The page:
Families First Coronavirus Response Act: Paid Leave & Tax Implications for Small Business Owners
On March 18th, with Americans experiencing the economic impact of the COVID-19 virus, President Trump signed into law the Families First Coronavirus Response Act in an effort to ease the financial strain being dealt to working people across the country. Two key provisions of the bill (HR 6201) are: 1) the Emergency Family and Medical Leave Expansion Act (EFMLEA) which amends the Family and Medical Leave Act (FMLA) to allow paid leave for employees whose child care has been disrupted due to COVID-19, and 2) the Emergency Paid Sick Leave Act (EPSLA) which increases the number of employees with access to paid medical sick leave. While this law brings some much-needed relief to some of the estimated 32 million US workers who, prior to its passage, had no access to paid leave, it also raises questions for employers regarding the new expense facing their business.
With an effective period beginning April 2, 2020 and ending December 31st, 2020, the Act encompasses all employers with fewer than 500 employees. However, there are exceptions for employers of health care providers, and employers with fewer than 50 employees. If the Department of Labor determines the viability of business would be in jeopardy by offering the benefits of the Act, said business shall be considered exempt from providing the following benefits. Please note that as of the time of this writing, the Secretary of Labor has not exercised the authority to exempt a small business with less than 50 employees. Further clarification is expected on this matter in the coming weeks.
|Emergency Family and Medical Leave Expansion Act (EFMLEA)||Emergency Paid Sick Leave Act (EPSLA)|
|Eligible Employees:||All employees who have been employed 30 days or more are eligible for EFMLA benefits.||There is no work history requirement for an employee to be eligible for EPSLA benefits.|
|Maximum duration of leave (this sick leave must be made available in addition to any other preexisting sick leave provided by the employer):||Twelve weeks with the first 10 business days unpaid. An employee may opt to use vacation, or previously accrued sick leave during the initial 10 unpaid business days.||Two weeks|
|When can leave be taken:||When an employee is unable to work due to caring for a child whose school or provider is unavailable due to COVID-19.||When an employee is unable to work due to the following circumstances related to COVID-19:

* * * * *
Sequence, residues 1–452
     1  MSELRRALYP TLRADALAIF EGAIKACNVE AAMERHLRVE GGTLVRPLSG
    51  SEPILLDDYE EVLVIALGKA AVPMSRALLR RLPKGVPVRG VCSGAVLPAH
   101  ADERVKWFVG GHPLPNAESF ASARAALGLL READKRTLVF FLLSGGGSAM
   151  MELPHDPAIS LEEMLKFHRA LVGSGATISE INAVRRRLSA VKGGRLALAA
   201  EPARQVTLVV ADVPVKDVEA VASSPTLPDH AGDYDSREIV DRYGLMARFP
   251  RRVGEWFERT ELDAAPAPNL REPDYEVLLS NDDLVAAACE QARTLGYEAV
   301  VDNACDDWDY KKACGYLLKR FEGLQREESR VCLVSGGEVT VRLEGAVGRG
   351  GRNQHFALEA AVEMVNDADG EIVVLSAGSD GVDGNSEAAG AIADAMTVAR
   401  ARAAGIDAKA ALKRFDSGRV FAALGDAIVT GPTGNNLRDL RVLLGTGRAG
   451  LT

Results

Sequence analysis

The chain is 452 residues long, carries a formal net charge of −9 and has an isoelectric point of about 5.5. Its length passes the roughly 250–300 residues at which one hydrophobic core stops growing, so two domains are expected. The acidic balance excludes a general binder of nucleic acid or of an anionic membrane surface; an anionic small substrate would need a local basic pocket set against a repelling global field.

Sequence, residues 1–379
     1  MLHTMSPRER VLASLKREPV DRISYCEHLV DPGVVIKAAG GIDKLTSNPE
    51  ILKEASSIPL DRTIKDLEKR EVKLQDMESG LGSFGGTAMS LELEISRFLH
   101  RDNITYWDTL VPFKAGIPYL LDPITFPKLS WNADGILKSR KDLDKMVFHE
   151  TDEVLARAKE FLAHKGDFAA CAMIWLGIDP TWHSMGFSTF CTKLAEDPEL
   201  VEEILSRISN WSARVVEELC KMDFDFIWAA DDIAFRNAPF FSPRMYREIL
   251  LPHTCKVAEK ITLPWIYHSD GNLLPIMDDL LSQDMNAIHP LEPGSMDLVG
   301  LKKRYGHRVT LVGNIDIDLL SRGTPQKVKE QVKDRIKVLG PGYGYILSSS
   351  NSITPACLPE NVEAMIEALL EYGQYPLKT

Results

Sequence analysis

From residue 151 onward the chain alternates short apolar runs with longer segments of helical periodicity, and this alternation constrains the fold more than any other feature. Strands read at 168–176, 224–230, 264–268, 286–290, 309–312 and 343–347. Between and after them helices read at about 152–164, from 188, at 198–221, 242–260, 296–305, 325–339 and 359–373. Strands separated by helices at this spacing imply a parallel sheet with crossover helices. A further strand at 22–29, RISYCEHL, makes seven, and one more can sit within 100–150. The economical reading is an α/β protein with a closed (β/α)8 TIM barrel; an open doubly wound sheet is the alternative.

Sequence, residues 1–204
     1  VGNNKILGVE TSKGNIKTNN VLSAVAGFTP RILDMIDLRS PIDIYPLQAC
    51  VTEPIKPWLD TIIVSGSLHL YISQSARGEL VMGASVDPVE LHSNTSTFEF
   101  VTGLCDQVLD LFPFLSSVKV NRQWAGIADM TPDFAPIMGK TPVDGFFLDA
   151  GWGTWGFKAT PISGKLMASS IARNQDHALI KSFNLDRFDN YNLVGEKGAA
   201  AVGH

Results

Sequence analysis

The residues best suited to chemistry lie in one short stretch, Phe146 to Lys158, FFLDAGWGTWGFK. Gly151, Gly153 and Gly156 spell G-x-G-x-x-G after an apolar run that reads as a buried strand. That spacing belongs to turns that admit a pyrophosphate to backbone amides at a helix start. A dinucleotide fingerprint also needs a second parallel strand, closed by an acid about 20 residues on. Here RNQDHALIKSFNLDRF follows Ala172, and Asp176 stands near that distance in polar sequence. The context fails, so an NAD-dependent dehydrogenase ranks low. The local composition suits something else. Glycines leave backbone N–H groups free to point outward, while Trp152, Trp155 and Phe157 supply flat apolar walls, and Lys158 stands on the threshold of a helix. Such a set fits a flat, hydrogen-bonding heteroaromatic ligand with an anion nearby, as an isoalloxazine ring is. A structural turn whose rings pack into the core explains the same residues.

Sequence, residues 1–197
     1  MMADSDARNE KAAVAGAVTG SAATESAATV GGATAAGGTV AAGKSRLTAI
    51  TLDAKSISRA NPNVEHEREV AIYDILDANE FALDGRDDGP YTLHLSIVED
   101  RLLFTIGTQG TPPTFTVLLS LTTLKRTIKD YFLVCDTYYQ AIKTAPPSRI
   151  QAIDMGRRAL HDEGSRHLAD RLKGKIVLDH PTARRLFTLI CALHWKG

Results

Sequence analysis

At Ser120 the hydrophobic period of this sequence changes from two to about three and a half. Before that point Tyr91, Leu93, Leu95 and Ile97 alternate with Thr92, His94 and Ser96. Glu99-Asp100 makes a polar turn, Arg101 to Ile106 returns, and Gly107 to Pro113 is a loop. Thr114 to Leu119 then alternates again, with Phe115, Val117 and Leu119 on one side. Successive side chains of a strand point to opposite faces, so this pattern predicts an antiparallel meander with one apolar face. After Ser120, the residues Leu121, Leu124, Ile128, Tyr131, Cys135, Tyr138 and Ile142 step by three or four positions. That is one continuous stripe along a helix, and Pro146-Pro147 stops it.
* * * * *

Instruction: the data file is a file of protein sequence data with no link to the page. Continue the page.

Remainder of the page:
|Rate of pay during leave:||
Two thirds of the employee’s regular pay, not to exceed $200 per day. Employer shall fund up to 10 weeks at maximum of $10,000 through the end of the year.
5 days at $200 per day = $1,000 per week
10 weeks at $1,000 per week = $10,000
For leave purposes one, two or three above:
The higher of
For leave purposes four, five, or six:
Two thirds of their regular rate.
Not to exceed $200 per day or $2,000 in aggregate.
It is noteworthy that while employers will bear the responsibility of paying these benefits initially, under the Families First Coronavirus Response Act, employers will be reimbursed for every dollar of leave paid to eligible employees in the form of a refundable federal employment tax credit, allowing employers to receive a full reimbursement for their expenses related to the paid leave, regardless of their actual employment tax liability. Employers will also not be required to pay Social Security taxes on leave paid for either EFMLEA or EPSLA purposes (while employees will still pay Social Security, Medicare, and income tax withholding on benefits received), but will be required to report Medicare tax. However, employer Medicare taxes paid also qualify for a dollar for dollar reimbursement in the form of the tax credit mentioned above.
At BA Harris, we will continue to digest the latest information coming out of Washington regarding the coronavirus pandemic and how it will affect your tax situation. It is important to keep in mind that many of these legislative remedies are still in flux, and are subject to potential change and reinterpretation as this situation evolves. If you have any questions please feel free to contact us.
Aaron Lavarias, CPA
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